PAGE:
In life (and business) we’re often dealing with finite resources. Scarcity exists and that means we have to get creative to achieve what we want.
One of the best (only) ways to do this is by creating leverage. Leverage is about maximizing impact for any given level of effort.
Yet people (and businesses) consistently underestimate the importance of leverage, even if we should know better.
So how can we unleash leverage? You can start by focusing on the following four areas.
Time as Leverage
The biggest and most consistent leverage point we ignore is time. If you do something today, if you fix something now without delay, the extra time where it is working properly will compound on itself.
That’s really THE definition of compounding. It’s literally letting time do its work in order to create benefits on top of benefits, all without additional work or input from you. From scarcity comes abundance. (Partly explaining why Warren Buffet calls compound interest the most powerful force in the universe).
Understanding that time is the basic amplifier of leverage creates urgency.
“The Margin” as Leverage
In the marketing/sales funnel I spend a lot of my time at work tinkering with, the truth of the matter is that leverage points often happen at the margin. Usually there is no (single) silver bullet. That’s when we need to depend on relentless incremental improvements to drive results.
Why is incrementalism actually a leverage point?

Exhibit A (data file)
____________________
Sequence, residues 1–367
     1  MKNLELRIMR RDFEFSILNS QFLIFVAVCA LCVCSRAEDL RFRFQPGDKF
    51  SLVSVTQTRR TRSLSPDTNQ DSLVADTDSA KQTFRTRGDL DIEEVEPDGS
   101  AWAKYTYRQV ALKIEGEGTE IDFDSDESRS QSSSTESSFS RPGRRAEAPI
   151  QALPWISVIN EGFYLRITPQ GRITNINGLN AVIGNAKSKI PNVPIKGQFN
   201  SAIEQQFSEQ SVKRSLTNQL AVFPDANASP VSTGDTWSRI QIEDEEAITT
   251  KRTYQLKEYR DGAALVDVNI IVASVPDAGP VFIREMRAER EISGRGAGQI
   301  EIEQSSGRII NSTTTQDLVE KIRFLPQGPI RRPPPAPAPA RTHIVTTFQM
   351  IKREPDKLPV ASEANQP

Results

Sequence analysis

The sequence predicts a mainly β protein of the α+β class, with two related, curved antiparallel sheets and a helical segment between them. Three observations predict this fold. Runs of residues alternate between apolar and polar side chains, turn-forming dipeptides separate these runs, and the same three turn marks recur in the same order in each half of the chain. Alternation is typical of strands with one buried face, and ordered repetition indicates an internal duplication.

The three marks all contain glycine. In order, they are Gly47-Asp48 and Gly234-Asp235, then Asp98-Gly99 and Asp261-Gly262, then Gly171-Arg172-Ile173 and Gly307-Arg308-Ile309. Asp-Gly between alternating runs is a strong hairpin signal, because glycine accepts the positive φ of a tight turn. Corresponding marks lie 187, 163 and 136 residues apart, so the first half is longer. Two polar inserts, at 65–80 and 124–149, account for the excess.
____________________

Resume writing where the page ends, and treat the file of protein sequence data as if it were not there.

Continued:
Imagine improving 2% each year for 15 years (1.02^15). That’ll get you a 37% improvement. That’s not bad but it can get a lot better without a lot more work.
Creating true leverage from marginal gains starts to get really interesting when we can achieve these types of incremental improvements across multiple areas. Say we improve three things at 1%, 2%, and 1% respectively each year. Now over our same 15 year period we’re now 87% better than we were–all without significantly more effort in any one area.
It gets even more profound if we take a slightly more Buddhist view towards what we mean by “the margin.”
If there is only now, this moment, then what is the impact of being 2% better in every moment?
Team and Focus as Leverage
The relationship between time and leverage isn’t just about compounding your results. The more you can delegate things you hate to do, or things that aren’t part of your core strengths, the more time you have to work on the things that differentiate you from everyone else.
As Bruce Lee (the martial artist) once said,
“I fear not the man who has practiced 10,000 kicks once…I fear the man who has practiced one kick 10,000 times.”
Creating the time and space to kick ass in one area creates leverage. It gets you noticed. And it probably means you’ll be having more fun in your work too. (This is especially wonderful if the things you can delegate are done by someone who enjoys it and is better at it than you will ever be).
Plus the biggest projects require many hands.
Emotion as Leverage
It’s hard to create large-scale results without an “oh shit” moment. You have to have a siren call, one thing that is amazing, to create a lasting impression or create a non-average result. Basically, emotion provides the spark you need to (1) ignite your efforts, (2) sustain your momentum, and (3) inspiring others to help.
This idea of leverage seems to contradict the earlier “leverage as margin idea,” but I think that’s just because the emotional angle is less literal. However it works strong emotions matter. “Love” is exponentially more powerful than “like.” The challenge is tapping into your emotional charge so that you start projects with momentum.
So to create leverage…
Start now…focus in on a few key areas…that you are (also) passionate about…try to create early momentum…and then be relentless in improving on the margin (in every single moment)…while building a team that compliments one another.
Last modified: April 4, 2016